It’s summertime! Time to kick back with a cold drink and read a book – or maybe even write one yourself! Today’s Savvy Saturday post will give you a chance to flex those creative writing muscles and brainstorm ideas for your perfect story. I’ll get you started with some prompts – feel free to take them and run with them, and if you come up with something awesome, let me know!
Ideas for characters:
A gruff sea-captain who always wanted to go on for higher education, but was instead apprenticed as a cabin boy by his father at age 10. He’s never forgiven his father. He hopes that someday he’ll have enough money saved up so that he can retire to a nice place in the country and learn Latin and Greek and study the classics, but he secretly knows that it’s just a dream. He is both fascinated by and jealous of the educated passengers he sometimes takes on board, and will occasionally swallow his pride enough to trade a lesson in seafaring for a lesson in physics or history. But not often.
A timid, mentally slow, plain younger daughter of a grocery store manager. She was teased horribly in school, which made her retreat further into herself. She likes to sit in a corner and knit; she makes scarves, hats, and mittens with intricate patterns that she donates to charity. While she knits, she listens and observes the world around her. She empathizes with anyone she sees suffering, though she isn’t brave enough to do anything about it. She feels paralyzed and powerless, and she pours her fears and sadness into her knitting. That is the one part of her life she feels she has control over and is good at, and through that she can help other people who need warm things for the winter.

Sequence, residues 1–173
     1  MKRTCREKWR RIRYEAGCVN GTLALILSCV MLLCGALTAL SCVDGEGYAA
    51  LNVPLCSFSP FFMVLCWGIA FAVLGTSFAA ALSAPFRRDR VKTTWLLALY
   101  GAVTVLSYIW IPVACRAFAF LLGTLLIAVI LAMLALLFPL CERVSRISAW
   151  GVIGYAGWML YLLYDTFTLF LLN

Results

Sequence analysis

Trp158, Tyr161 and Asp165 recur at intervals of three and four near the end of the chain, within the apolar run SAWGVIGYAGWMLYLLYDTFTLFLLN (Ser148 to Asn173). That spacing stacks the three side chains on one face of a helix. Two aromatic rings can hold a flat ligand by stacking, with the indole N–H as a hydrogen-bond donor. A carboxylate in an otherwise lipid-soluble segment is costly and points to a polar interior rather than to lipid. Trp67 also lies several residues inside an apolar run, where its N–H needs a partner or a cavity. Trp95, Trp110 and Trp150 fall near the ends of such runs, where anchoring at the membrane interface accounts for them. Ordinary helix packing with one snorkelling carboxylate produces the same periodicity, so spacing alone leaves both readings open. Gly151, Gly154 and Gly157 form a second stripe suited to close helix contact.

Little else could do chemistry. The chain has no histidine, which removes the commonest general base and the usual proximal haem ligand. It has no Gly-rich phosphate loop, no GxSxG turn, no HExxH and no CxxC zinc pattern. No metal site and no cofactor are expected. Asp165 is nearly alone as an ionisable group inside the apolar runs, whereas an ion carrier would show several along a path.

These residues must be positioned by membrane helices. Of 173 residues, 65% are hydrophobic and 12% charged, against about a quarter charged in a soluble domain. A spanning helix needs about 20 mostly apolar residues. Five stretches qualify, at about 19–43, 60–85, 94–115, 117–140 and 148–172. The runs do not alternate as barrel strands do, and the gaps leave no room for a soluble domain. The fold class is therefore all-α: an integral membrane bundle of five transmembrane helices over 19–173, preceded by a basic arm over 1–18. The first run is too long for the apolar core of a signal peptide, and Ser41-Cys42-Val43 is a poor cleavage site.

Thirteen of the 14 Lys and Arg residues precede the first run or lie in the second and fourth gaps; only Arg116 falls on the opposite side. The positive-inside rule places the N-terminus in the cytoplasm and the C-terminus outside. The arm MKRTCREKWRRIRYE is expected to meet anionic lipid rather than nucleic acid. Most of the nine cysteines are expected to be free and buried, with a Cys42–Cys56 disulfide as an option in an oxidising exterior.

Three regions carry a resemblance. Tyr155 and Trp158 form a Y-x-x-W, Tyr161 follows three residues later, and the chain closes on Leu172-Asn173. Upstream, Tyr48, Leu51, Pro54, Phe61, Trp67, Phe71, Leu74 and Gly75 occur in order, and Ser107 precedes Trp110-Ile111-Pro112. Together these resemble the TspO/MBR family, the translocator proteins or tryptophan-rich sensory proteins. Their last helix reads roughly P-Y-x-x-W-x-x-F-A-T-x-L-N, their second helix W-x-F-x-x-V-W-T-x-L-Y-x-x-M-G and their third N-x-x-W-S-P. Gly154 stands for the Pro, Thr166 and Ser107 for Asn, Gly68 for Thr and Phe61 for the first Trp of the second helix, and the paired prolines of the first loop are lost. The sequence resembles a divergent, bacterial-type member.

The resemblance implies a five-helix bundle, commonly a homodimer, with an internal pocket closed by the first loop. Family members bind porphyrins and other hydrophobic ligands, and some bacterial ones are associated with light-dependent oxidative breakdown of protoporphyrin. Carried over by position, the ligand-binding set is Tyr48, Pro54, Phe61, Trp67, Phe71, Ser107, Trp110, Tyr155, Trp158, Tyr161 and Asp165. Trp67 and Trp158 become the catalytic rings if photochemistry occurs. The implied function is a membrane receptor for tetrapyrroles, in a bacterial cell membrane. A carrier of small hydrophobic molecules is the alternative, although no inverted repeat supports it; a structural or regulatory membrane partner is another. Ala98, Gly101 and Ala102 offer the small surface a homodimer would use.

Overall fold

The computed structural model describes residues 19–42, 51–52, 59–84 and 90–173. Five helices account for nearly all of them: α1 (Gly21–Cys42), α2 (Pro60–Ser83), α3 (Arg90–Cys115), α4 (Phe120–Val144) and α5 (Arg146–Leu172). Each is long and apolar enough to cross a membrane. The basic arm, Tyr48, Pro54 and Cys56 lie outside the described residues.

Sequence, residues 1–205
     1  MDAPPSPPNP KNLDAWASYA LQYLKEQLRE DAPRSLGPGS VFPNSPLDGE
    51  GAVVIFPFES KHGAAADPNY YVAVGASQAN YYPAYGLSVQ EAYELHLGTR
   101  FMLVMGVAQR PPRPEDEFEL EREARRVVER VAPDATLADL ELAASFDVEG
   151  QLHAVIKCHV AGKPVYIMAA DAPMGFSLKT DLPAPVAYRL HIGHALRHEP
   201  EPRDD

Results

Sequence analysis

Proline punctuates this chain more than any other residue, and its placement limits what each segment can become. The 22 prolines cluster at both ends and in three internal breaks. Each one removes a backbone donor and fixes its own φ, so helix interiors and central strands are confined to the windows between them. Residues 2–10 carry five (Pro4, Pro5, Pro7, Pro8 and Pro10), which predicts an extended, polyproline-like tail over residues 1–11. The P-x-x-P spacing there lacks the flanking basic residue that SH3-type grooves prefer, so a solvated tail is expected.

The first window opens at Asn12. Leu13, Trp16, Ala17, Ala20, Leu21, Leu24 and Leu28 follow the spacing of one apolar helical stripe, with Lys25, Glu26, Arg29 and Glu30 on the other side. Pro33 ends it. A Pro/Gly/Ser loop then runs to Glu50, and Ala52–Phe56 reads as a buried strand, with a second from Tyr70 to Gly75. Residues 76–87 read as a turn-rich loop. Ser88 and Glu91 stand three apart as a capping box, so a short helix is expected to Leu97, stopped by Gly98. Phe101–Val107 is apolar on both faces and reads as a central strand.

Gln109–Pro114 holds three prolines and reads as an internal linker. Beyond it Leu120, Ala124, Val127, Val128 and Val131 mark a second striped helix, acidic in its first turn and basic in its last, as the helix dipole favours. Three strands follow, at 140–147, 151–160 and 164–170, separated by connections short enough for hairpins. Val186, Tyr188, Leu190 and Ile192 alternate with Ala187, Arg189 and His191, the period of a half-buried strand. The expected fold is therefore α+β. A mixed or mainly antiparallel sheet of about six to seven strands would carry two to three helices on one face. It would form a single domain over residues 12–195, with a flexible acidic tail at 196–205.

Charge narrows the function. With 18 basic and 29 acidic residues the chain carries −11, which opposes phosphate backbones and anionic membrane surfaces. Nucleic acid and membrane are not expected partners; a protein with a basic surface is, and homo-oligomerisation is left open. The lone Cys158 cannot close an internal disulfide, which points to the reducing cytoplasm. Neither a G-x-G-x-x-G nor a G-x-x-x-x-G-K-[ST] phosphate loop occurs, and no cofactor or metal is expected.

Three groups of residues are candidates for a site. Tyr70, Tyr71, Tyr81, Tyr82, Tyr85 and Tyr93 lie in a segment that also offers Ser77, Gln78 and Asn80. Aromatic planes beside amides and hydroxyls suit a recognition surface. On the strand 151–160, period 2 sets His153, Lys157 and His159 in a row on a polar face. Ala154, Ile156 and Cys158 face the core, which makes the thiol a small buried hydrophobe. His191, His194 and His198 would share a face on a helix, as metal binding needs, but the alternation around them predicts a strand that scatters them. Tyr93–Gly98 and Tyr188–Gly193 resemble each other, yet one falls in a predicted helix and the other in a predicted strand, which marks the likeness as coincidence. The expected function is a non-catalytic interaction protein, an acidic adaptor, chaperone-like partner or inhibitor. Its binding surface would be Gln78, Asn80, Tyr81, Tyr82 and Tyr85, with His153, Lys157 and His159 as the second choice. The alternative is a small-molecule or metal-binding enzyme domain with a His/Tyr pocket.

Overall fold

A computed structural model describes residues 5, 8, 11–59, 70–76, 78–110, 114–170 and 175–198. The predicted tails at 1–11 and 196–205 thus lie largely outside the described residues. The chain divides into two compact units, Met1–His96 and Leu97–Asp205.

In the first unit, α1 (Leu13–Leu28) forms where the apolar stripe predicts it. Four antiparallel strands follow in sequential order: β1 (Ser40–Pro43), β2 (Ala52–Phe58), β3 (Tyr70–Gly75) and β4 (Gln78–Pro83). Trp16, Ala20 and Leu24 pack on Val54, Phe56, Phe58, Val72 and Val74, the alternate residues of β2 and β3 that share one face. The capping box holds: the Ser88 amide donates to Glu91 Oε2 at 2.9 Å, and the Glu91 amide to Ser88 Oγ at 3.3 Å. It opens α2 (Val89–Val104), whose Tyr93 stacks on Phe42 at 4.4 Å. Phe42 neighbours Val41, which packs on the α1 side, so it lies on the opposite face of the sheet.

A centaur (half man, half horse) who was kidnapped by humans when he was young and raised in a menagerie. He has always been bold, energetic, and reckless – he was kidnapped because he strayed away from his parents and the herd and got lost – and has tried for the past decade to free himself and return home. He doesn’t trust any humans (except, perhaps, the young indentured stable-boy who is just as trapped as he is), but has tried to learn all their tricks. He can pick locks, mimic accents and voices, and has even learned the rudiments of swordcraft by watching the guards practice outside the menagerie and practicing with a stick. He’s always looking for an opportunity to escape. He doesn’t remember home very well, just shadowy images and the memory of the heady rush of running with a herd, but he’s confident that he’ll make it back some day. As soon as his captors slip up, even slightly.
Ideas for settings: